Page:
0
$\begingroup$

Does doping a semiconductor with acceptor impurities affect the number of states in the valence and conduction bands? How about doping with donor impurities?

It seems to me, that in the former case the answer should be yes, adding acceptors should decrease the number of band states while in the latter I think the answer should be no. The donor impurities add electrons to the system as well as new levels inside the gap, while the accpetor impurities decrease the number of electrons and convert some of the band states into acceptor states inside the gap. In this way, at zero temperature we always have all valence band states full and all conduction band states empty. Otheriwise, we would end up with conduction electrons or holes present even in the ground state. I am not sure however if this is correct.

$\endgroup$
2
  • $\begingroup$ Recall that typical dopant concentrations are in the parts per million range. The bit about zero temperature makes no sense, since any 'excess' carriers will be captured by the dopant levels you introduced in the first place. $\endgroup$ – Jon Custer Feb 9 at 20:47
  • $\begingroup$ @JonCuster i think the zero temperature that is referred is about the example of Boron in the answer i provided. You are correct about the PPM range. I mean if someone wants to change certain attributes of semi-conductors then a precise recipe of impurities would occur and it should be in the form of PPM. $\endgroup$ – user141306 Feb 10 at 18:12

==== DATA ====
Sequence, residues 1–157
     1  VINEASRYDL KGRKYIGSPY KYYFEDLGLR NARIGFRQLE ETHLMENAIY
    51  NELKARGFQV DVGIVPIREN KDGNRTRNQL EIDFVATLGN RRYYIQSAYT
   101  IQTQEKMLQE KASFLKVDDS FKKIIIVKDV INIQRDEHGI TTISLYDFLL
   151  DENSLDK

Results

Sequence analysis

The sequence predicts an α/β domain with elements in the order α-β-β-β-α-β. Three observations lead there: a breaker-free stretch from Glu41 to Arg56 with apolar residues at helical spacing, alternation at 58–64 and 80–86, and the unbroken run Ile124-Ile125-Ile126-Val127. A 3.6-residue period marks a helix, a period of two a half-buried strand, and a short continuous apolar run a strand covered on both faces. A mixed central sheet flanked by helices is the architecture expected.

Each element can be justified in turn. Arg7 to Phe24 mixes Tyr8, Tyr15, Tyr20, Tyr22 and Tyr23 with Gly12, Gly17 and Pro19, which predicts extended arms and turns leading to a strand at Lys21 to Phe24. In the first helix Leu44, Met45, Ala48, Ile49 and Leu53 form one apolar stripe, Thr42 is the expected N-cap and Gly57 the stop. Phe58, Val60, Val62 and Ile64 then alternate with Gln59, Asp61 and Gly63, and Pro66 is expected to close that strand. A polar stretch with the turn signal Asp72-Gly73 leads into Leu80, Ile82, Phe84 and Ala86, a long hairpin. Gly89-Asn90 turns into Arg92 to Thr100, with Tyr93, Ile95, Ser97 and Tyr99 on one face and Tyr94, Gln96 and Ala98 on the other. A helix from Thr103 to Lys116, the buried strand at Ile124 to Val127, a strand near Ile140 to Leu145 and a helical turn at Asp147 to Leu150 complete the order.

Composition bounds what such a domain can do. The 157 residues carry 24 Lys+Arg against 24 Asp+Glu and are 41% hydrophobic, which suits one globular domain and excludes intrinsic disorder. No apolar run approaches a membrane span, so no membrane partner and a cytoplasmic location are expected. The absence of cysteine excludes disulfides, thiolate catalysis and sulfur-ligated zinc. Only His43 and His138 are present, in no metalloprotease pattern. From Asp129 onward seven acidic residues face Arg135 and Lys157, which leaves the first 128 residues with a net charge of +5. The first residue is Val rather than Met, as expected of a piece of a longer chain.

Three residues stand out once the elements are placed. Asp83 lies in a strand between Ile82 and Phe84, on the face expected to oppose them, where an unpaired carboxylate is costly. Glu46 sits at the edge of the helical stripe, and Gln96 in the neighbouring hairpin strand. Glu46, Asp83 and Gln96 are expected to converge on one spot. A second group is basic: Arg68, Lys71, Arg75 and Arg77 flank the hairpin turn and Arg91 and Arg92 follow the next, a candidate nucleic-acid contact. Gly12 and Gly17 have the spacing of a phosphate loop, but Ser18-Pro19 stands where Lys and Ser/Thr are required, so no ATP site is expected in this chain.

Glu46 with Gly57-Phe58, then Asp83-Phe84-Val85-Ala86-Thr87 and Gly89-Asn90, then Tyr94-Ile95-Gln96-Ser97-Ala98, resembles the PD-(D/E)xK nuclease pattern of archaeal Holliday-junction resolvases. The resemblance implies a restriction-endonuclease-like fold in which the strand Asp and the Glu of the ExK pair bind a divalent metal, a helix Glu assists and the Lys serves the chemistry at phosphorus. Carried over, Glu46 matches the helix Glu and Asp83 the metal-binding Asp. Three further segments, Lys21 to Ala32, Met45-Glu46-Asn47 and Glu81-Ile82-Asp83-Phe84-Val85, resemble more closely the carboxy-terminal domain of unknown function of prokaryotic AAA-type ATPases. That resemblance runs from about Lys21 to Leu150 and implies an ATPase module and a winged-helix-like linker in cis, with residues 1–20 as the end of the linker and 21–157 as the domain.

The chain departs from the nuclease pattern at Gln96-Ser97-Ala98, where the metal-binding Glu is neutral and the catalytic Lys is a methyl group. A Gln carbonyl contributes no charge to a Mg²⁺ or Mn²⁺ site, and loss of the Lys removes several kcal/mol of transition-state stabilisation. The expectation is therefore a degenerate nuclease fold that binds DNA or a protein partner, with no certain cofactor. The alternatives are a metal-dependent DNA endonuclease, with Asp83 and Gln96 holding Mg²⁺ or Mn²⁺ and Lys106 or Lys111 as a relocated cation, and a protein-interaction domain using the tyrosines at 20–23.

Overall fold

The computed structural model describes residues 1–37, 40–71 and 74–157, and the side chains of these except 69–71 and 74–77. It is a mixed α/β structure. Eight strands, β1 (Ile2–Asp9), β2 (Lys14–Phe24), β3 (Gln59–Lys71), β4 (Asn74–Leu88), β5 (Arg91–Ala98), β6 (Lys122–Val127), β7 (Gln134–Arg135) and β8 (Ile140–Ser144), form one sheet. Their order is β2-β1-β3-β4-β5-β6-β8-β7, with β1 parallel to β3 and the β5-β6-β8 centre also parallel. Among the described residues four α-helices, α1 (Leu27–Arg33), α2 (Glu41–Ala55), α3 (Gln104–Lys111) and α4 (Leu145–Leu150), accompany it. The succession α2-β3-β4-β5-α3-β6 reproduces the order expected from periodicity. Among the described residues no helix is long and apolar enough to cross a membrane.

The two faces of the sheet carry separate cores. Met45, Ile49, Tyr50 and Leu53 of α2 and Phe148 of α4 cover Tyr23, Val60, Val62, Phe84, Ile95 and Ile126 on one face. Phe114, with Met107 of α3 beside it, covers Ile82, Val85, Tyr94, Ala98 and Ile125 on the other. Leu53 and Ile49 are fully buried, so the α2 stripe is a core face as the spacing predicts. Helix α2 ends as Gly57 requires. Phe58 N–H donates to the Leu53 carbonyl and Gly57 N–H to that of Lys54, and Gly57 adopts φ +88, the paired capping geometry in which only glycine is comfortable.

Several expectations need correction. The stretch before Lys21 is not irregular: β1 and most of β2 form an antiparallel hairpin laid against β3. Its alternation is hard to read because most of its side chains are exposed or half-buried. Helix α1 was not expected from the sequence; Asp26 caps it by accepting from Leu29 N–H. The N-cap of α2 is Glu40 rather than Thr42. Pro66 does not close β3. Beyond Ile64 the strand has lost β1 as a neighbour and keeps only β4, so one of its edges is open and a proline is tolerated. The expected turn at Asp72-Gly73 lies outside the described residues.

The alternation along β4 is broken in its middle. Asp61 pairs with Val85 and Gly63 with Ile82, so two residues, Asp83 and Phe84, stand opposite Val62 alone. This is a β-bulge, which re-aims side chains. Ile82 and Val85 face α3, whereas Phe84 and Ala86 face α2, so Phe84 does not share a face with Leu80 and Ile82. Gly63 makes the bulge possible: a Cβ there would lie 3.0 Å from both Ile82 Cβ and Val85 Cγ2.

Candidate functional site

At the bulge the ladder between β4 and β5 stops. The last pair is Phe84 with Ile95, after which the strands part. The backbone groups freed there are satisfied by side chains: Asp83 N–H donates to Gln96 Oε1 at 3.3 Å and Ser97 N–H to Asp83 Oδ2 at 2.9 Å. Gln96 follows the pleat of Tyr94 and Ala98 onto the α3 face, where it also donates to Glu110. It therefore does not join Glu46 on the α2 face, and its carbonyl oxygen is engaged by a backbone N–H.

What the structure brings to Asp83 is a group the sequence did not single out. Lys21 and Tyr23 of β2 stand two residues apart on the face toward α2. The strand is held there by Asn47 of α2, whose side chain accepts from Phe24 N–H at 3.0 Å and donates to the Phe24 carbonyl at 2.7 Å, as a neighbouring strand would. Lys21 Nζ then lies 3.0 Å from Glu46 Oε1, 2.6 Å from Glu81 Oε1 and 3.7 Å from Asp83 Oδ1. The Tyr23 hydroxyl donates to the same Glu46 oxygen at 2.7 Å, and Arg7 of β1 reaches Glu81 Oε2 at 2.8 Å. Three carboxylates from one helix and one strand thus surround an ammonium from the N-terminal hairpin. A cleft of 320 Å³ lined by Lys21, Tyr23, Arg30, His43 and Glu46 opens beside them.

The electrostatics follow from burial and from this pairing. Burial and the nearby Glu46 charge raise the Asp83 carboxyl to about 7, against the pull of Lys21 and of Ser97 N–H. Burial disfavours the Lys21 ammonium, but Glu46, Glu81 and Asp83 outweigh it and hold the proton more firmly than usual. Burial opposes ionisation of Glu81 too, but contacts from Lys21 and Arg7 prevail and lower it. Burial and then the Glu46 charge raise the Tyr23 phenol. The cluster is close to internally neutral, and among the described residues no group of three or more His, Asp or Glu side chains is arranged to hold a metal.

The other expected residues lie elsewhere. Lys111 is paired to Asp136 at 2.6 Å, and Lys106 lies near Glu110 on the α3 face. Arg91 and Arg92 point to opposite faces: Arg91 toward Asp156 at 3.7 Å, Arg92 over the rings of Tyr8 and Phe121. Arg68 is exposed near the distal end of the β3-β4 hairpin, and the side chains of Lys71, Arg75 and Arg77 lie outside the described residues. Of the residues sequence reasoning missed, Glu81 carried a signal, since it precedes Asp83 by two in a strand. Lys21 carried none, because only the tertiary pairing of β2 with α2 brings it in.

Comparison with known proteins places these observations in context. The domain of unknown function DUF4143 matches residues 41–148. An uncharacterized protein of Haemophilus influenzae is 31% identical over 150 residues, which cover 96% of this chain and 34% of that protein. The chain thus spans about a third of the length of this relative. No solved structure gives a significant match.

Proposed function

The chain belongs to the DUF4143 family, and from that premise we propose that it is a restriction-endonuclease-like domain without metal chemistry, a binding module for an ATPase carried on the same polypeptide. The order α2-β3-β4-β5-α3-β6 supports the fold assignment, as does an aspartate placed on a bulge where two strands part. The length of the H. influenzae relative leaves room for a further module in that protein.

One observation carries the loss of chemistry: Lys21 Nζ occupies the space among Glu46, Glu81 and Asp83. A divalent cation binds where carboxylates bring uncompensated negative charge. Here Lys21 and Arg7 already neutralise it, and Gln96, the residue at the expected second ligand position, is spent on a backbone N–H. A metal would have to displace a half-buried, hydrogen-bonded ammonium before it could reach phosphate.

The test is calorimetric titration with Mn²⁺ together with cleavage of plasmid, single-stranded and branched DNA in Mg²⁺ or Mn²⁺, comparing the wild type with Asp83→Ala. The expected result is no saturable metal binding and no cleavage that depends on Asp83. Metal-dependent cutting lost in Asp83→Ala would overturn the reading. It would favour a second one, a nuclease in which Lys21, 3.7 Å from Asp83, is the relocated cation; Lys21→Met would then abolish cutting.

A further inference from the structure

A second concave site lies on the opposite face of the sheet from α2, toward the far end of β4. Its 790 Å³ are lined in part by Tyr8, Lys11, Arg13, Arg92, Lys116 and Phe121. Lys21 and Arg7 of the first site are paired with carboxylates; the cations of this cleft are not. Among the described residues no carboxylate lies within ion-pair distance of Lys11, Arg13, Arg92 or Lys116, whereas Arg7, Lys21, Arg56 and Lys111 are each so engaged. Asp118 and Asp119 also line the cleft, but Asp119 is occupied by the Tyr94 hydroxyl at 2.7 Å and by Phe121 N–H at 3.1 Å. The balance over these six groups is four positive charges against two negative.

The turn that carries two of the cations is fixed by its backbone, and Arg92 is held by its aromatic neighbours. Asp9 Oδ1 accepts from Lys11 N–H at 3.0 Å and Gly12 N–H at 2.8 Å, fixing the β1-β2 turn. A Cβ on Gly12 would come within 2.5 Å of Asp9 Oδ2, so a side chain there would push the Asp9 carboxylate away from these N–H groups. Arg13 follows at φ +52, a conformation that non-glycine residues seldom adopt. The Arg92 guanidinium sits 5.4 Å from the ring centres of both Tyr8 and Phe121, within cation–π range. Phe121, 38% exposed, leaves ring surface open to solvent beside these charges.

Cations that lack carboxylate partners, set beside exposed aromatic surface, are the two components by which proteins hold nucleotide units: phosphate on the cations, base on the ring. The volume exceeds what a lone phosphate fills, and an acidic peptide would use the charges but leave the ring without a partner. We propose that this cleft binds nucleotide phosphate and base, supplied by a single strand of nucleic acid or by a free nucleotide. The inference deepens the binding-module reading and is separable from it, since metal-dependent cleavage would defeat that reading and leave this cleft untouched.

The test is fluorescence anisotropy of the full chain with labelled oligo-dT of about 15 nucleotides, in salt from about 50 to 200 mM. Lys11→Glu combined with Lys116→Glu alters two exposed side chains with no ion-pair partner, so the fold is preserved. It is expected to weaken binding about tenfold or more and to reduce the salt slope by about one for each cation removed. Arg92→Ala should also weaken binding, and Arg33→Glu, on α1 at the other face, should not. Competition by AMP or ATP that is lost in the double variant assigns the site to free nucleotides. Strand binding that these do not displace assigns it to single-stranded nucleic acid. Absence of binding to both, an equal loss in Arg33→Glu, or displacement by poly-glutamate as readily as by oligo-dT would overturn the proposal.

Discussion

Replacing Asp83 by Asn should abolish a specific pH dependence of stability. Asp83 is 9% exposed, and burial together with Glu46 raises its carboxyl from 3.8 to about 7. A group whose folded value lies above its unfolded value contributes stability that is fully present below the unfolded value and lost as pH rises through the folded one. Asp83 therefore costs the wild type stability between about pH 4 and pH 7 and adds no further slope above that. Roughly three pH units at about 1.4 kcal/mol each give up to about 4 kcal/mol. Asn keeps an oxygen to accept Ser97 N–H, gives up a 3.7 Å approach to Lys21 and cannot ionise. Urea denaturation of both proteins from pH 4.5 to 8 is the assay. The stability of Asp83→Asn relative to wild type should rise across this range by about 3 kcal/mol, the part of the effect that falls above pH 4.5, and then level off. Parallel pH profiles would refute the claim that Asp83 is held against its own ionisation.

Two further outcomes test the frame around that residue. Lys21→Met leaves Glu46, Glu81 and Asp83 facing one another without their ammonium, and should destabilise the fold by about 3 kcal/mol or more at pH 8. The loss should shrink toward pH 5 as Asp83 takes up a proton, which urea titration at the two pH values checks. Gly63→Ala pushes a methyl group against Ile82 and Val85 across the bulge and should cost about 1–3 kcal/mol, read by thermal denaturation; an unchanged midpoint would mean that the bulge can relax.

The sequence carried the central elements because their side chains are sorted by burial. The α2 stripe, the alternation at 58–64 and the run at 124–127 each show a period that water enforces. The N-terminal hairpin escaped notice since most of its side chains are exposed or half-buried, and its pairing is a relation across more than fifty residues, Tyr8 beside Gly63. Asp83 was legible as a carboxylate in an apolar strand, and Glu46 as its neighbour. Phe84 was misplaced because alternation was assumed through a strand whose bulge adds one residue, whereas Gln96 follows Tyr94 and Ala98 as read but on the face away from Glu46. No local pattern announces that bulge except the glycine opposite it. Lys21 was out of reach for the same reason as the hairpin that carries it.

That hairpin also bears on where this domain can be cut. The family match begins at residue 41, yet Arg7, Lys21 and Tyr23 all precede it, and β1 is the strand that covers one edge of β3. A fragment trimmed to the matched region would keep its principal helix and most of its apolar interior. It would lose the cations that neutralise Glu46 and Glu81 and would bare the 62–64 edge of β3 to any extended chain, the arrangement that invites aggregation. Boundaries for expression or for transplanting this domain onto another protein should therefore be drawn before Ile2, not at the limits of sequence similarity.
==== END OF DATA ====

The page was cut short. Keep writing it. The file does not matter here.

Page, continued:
0
$\begingroup$

In general, doping a semiconductor with impurities affect the number of states in the valence and conduction bands. The type of impurities determine the band (valence/conduction) and the number of states.

Bulk band structure for Si, Ge, GaAs and InAs generated with tight binding model. Note that Si and Ge are indirect band gap with minima at X and L, while GaAs and InAs are direct band gap materials.Band diagram of PN junction operation in forward bias mode showing reducing depletion width. Both p and n junctions are doped at a 1×1015/cm3 doping level, leading to built-in potential of ~0.59 V. Reducing depletion width can be inferred from the shrinking charge profile, as fewer dopants are exposed with increasing forward bias.

The following is taken from wikipedia's Doping and Boron

Doping a semiconductor in a good crystal introduces allowed energy states within the band gap, but very close to the energy band that corresponds to the dopant type. In other words, electron donor impurities create states near the conduction band while electron acceptor impurities create states near the valence band. The gap between these energy states and the nearest energy band is usually referred to as dopant-site bonding energy or EB and is relatively small. For example, the EB for boron in silicon bulk is 0.045 eV, compared with silicon's band gap of about 1.12 eV. Because EB is so small, room temperature is hot enough to thermally ionize practically all of the dopant atoms and create free charge carriers in the conduction or valence bands.

Boron is a useful dopant for such semiconductors as silicon, germanium, and silicon carbide. Having one fewer valence electron than the host atom, it donates a hole resulting in p-type conductivity.

$\endgroup$

Your Answer

By clicking “Post Your Answer”, you agree to our terms of service, privacy policy and cookie policy

Not the answer you're looking for? Browse other questions tagged or ask your own question.